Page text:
A British team is designing a car to break the 1,000 miles per hour speed barrier.
The current world record is 763 mph, set by Andy Green, a Royal Air Force fighter pilot and mathematician, in 1997.
Green and his teammate Richard Noble, who directed the 1997 attempt, are now testing the new car in an aircraft hangar in Bristol. The 12 million pound car is called Bloodhound SSC, named after the British supersonic air defence missiles of the cold war era.
It will have a jet engine and a rocket booster. When run, a special accelerator will help the jet engine race up to 350 mph. Then the rocket booster will be fired.
At this point, a V-12 racing car engine will pump more than 1,000 kg of hydrogen peroxide into the booster, forcing the car to 1,000 mph in 20 seconds.
Green calculates the car can reach 1,050 mph, at which it can out-run a bullet fired from a Magnum .357 revolver.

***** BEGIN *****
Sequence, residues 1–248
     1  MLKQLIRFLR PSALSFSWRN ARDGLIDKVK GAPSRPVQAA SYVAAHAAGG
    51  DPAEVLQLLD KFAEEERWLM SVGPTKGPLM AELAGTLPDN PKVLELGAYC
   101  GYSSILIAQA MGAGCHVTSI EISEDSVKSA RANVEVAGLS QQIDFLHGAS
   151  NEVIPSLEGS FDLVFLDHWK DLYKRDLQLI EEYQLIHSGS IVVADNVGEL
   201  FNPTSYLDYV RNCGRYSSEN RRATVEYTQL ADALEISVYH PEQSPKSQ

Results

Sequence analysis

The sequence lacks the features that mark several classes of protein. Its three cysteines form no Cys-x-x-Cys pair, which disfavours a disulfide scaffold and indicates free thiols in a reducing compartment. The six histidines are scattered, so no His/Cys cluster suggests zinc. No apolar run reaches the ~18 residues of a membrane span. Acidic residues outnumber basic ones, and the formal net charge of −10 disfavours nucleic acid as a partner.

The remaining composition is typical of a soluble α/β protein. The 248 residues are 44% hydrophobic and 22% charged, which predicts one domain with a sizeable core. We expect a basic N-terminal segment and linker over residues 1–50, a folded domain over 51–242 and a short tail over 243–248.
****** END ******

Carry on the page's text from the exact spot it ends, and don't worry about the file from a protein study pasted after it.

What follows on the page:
To slow down, the car will use airbrakes and two parachutes to bring it to a rest.
The car is expected to be built in a year and the world record attempt may be expected in three years. Test sites are being checked out in South Africa, the US and Australia.
"It's an opportunity to do something extraordinary in engineering terms and to be part of the very best land speed record attempt in the world," The Guardian quotes Green as saying.
The team plans to make public all information related to the making of the car to inspire a new generation of scientists in the country.
There are other teams which are planning to break Green's land speed record. North American Eagle, a US project, is being designed to reach 800 mph. The Australian Invader 5R is about two years away from a 1,000 mph attempt. Spirit of America, a project of flying enthusiast Steve Fossett before he went missing last year, aims to breach the speed of 800 mph.